Sing cuccu! (Sing cuckoo!)
Awe bleteþ after lomb, (The ewe bleats after the lamb)
Lhouþ after calue cu. (The cow coos after the calf)
Bulluc sterteþ, bucke uerteþ, (the bullock stirs, the buck farts)
Murie sing cuccu! (Merrily sing Cuckoo!)
Cuccu, cuccu, wel singes þu cuccu; (Cuckoo, cuckoo, well you sing, Cuckoo!)
Ne swik þu nauer nu. (Don’t ever you stop now)
Sing cuccu nu. Sing cuccu. (Sing Cuckoo now. Sing Cuckoo.)
Sing cuccu. Sing cuccu nu! (Sing Cuckoo. Sing Cuckoo now!)

I read this to my kids last night at dinner. It made them giggle. They laughed at my Beowulf accent, but mostly it was that line about the farting stag. I told them that all the animals were so excited for summer that they couldn’t contain themselves. They had to sing and dance and make a joyful noise of every kind!

In the original manuscript of this song, listed underneath the old English lyrics, there is a separate Latin text, which is translated this way:

“Look, O lover of Christ, what condescension!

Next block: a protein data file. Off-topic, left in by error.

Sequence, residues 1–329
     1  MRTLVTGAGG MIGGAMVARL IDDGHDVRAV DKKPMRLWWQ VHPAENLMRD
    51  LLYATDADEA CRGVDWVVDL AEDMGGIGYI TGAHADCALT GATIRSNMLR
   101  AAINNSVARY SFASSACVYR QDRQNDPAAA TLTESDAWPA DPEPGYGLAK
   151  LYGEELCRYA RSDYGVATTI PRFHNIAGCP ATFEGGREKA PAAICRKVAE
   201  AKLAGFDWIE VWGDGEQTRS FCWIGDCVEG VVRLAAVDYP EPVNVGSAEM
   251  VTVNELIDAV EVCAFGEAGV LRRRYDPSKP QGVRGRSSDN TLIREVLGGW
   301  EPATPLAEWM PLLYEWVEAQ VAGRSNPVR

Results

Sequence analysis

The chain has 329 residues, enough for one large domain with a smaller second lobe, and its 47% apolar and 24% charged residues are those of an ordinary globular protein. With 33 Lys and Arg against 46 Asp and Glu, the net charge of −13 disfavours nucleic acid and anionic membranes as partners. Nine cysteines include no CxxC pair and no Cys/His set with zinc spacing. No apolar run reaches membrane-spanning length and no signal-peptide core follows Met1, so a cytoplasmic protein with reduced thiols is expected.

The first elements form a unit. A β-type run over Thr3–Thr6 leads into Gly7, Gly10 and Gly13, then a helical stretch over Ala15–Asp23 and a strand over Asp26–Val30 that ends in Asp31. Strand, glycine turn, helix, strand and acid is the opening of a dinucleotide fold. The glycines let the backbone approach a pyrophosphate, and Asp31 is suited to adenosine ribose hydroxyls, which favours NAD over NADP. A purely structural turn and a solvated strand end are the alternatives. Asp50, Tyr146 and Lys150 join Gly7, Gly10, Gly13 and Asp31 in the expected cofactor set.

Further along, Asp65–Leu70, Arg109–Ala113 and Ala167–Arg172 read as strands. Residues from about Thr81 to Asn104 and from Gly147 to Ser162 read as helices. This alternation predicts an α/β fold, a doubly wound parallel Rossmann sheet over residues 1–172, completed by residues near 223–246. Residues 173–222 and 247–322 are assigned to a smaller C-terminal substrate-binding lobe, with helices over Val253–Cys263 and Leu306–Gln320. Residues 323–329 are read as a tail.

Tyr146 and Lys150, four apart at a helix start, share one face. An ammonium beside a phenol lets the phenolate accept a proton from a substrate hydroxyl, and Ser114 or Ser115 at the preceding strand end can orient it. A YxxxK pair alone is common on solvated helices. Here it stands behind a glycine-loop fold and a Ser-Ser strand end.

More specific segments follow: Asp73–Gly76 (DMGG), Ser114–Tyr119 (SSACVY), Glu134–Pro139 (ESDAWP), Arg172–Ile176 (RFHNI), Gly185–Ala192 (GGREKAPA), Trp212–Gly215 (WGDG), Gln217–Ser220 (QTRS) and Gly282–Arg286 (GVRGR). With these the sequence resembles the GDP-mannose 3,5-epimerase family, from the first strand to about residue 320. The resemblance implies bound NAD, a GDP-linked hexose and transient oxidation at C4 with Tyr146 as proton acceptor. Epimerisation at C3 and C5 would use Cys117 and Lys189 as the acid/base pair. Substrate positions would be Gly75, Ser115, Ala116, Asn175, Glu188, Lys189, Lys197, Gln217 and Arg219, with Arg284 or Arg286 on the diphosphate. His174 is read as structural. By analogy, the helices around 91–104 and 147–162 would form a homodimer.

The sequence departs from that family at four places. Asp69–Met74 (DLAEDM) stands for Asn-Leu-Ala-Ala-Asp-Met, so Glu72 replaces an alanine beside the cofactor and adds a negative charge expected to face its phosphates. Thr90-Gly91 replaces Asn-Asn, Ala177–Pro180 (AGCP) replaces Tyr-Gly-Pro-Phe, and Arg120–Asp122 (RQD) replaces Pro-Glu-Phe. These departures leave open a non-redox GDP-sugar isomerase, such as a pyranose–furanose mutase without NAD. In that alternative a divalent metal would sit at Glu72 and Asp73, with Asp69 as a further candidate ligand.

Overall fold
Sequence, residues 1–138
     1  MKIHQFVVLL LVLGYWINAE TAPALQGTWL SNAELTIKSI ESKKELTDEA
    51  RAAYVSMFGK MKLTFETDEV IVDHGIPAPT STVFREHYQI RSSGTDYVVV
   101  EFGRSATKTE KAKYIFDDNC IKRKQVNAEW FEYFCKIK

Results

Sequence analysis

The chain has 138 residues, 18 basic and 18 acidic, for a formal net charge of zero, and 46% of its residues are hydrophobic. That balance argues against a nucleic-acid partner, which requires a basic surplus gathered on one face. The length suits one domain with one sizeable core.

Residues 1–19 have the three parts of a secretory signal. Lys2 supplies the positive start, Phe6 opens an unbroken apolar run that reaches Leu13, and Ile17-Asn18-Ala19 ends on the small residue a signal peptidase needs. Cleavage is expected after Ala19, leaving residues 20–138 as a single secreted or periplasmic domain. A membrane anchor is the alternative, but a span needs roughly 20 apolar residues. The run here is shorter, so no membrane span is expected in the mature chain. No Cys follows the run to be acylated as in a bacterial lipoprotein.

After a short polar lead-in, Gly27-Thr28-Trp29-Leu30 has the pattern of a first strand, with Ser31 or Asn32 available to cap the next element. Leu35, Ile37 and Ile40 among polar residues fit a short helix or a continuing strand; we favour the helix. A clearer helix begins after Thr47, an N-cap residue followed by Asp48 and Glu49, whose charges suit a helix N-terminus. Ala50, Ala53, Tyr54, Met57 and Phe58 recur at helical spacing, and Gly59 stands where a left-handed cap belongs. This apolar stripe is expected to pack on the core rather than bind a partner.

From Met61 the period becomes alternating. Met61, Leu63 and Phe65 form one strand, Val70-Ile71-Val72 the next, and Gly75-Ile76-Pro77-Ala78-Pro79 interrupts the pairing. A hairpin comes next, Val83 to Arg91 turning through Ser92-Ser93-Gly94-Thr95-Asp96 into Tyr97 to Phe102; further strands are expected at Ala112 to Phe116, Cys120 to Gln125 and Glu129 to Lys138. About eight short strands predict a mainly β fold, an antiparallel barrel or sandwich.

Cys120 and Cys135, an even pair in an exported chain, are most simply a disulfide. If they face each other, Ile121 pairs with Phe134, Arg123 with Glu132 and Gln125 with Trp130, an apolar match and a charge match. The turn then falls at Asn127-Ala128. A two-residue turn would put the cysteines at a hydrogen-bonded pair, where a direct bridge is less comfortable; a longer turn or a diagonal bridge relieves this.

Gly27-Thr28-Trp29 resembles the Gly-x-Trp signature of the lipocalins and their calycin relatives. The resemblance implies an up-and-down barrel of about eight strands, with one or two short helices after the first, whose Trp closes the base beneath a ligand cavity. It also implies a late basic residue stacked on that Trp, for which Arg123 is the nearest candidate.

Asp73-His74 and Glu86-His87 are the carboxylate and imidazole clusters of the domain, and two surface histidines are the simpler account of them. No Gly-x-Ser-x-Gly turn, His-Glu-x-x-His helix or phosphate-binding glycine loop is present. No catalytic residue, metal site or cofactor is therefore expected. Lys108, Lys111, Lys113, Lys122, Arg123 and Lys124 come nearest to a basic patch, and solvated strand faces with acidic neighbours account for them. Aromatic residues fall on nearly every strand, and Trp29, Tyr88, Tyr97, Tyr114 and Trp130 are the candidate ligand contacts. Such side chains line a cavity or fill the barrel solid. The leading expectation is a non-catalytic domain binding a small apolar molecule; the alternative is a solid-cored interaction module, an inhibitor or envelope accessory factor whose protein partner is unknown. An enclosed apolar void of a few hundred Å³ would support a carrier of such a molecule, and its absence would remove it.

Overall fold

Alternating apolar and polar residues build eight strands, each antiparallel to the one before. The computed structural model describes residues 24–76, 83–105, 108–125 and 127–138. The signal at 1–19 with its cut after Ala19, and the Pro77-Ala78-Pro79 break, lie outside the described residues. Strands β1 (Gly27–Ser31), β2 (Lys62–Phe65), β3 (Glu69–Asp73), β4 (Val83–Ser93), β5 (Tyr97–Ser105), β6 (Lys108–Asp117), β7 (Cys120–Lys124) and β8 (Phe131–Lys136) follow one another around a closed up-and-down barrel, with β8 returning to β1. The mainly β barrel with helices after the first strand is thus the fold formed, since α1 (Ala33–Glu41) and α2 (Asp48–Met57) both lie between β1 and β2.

The heavenly husbandman, because of a fault in the vine,
not sparing his son, exposed him to the ordeal of death;
and he brings back the half-dead prisoners from torment to life,
and crowns them with himself on the throne of heaven.”

That’s quite different from the original text, but I love the juxtaposition of the two, because it mingles the music of the gospel with the sounds of summer. And why should not the two be in sweet harmony? Summer is a time of joy, rest, and peace, when everything is being renewed with full growth and the sun shines with warmth on the whole earth. This sounds just like the full effect of the gospel. Martin Luther put it this way.

“Christ is Himself the joy of all, the sun that warms and lights us.